Why must gamers be so toxic?
This week, we watched as the makers of two prominent games received significant online abuse from so-called “fans.”
On June 29th, Estelle Tigani, Sony Santa Monica’s cinematics producer, tweeted that she’s received multiple dick pics from people demanding to know the God of War: Ragnarok release date. “Pro tip: sending me dick pics asking for the God of War Ragnarok release date will not, in fact, get me to reveal the release date,” she wrote. “To the people who are doing so, when did that ever work for you?!”
Pro tip: sending me dick pics asking for the God of War Ragnarok release date will not, in fact, get me to reveal the release date.
To the people who are doing so, when did that ever work for you?! pic.twitter.com/U6Ea1Emi3X
— Estelle Tigani (@estelletigani) June 30, 2022
That same day, we learned via Monkey Island actor Dominic Armato that Ron Gilbert, the series’ creator, has made the decision to no longer publicly talk about his upcoming Return to Monkey Island amid harassment he received on his personal blog. “The joy of sharing has been driven from me,” wrote Gilbert. A quick look at the comments shows some people taking issue with the new game’s art style and calling for a redesign.
In the case of both God of War and Monkey Island, we’ve seen some truly vile behaviour from gamers. There’s this sense of entitlement here that is truly baffling. Seriously: why do you think you’re owed anything from these developers?
With Monkey Island, it’s completely reasonable to not dig the new art style, but throwing abuse at Ron Gilbert isn’t the way to go about it. And the situation with God of War is even more nonsensical. Besides Estelle Tigani having absolutely no control over what people are upset about — a lack of a release date for Ragnarok — fans just feel like they deserve this information immediately. News flash: you don’t. The game will be ready when it’s ready, and no amount of whining will change that.
The quiet part out loud. It isn’t about having the freedom to voice your opinion. It isn’t about constructive criticism. It’s about trying to bully somebody into giving you what you want. pic.twitter.com/CH6lyw1g1S
— Dominic Armato (@SkilletDoux) June 30, 2022
In response to Tigani’s original tweet, someone mentioned that they blame two industry insiders for suggesting we’d get a God of War: Ragnarok update by the end of June, possibly even June 30th. This, too, shows a drastic misunderstanding of how things work. One of those sources was a journalist simply reporting on what he’d heard; obviously, plans can change. The other was a tipster who, while accurate in previous leaks, is an anonymous person that shouldn’t be blindly trusted. You can’t hear things from people outside of PlayStation about God of War and then get upset when PlayStation and its developers don’t validate your beliefs. It’s not even like PlayStation failed to live up to its own promise about reveal in June.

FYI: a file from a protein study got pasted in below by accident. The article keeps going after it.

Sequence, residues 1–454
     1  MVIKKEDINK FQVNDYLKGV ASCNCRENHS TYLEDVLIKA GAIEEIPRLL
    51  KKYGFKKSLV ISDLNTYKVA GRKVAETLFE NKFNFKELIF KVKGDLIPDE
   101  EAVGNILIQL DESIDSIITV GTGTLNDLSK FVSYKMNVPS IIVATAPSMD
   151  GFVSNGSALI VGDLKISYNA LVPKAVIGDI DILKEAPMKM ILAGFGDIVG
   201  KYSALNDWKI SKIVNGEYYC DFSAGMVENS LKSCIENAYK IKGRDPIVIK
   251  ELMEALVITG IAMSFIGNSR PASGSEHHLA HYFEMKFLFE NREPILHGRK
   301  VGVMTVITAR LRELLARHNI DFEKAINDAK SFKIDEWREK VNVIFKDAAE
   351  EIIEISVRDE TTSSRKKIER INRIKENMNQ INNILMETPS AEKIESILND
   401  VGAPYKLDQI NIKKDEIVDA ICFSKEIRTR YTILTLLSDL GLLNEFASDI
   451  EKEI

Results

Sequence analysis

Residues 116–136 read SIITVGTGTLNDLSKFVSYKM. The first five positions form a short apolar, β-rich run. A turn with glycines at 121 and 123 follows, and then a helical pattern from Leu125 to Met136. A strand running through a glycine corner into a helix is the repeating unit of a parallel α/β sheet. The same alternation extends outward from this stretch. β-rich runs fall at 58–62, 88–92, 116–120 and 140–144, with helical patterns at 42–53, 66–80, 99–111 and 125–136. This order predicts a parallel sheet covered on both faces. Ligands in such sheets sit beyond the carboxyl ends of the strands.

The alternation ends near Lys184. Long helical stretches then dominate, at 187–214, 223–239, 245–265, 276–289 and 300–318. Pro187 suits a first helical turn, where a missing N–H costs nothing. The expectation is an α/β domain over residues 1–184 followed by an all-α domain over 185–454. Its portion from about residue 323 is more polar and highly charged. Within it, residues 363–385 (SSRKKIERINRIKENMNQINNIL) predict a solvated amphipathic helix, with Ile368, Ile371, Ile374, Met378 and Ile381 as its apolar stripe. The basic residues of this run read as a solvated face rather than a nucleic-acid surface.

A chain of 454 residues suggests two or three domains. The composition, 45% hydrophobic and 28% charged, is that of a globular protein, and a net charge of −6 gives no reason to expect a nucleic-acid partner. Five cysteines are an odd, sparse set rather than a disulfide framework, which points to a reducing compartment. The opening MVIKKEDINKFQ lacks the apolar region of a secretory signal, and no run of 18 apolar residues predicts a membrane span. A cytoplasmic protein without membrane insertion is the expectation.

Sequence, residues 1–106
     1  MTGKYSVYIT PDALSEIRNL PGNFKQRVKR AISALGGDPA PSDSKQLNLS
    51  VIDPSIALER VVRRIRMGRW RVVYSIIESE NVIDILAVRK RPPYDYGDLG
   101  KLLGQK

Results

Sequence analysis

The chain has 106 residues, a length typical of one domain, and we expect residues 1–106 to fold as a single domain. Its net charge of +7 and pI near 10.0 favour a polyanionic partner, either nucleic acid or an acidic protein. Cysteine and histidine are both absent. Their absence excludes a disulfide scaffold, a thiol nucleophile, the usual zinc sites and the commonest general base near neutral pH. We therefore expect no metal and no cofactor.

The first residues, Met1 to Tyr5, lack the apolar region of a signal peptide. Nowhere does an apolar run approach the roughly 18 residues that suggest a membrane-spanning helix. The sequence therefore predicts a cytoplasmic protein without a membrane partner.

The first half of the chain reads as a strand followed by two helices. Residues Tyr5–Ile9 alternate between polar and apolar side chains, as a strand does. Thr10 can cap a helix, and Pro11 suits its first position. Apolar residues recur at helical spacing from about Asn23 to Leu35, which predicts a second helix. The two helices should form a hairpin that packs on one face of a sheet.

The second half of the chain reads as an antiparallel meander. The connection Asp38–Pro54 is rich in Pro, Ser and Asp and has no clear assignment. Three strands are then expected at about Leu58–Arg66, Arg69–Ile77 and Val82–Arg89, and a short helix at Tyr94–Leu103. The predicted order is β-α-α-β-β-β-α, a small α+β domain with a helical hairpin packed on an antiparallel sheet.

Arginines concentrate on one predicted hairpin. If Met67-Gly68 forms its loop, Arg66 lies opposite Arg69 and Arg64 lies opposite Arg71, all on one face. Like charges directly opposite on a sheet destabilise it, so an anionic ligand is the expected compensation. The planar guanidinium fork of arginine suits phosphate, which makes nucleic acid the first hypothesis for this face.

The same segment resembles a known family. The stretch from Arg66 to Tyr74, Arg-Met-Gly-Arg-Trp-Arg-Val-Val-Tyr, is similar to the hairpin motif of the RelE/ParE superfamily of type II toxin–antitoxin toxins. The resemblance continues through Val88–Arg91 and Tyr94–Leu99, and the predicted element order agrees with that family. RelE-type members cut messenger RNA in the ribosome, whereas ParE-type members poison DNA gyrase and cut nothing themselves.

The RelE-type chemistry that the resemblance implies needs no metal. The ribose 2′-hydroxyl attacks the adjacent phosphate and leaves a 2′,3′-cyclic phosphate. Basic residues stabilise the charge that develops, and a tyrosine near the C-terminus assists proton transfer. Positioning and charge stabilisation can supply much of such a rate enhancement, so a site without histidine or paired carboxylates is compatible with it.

Plus, God of War creative director Cory Barlog said it best. Replying to the person who said they blamed the insiders, Barlog astutely tweeted: “don’t. the answer is not to find someone to blame or focus hate on. maybe just pay it forward and treat the people that make the things we love with some human decency and respect. this is not a battle, we are not at war. we are just trying to make + enjoy things together.”
the answer is not to find someone to blame or focus hate on. maybe just pay it forward and treat the people that make the things we love with some human decency and respect.
this is not a battle, we are not at war. we are just trying to make + enjoy things together.❤️ https://t.co/o1X3WBQyKF
— cory barlog (@corybarlog) June 30, 2022
That Barlog is able to still be kind about all of this says a lot about his character. Because frankly, this sort of “fan” behaviour is disgusting. And look: I even get the root cause of this, to a degree. I’ll confess that as both a gamer and someone who covers the industry professionally, I’ve been a bit anxious to see more from Ragnarok.
Things can often suck, and we love to have games as escapism. But sad stories like this are a good reminder — for everyone, including me — of the sort of nonsense game developers and creators, in general, put up with in this social media age. My desire to play the game really does mean little compared to the people who are actually making it. And I would certainly never send any abuse to them for any disappointments I may have — unreasonable or legitimate.
So if you find yourself getting impatient about a lack of updates or disappointed by an (inoffensive) creative choice that’s being made, maybe take a minute to remember that it’s just regular people making these games. Walk away from social media. Play one of the many other games out there. Go outside. Do literally anything else. As Barlog says, “they are busting their ass to make some for you to enjoy. Show some fucking respect.”
Image credit: Sony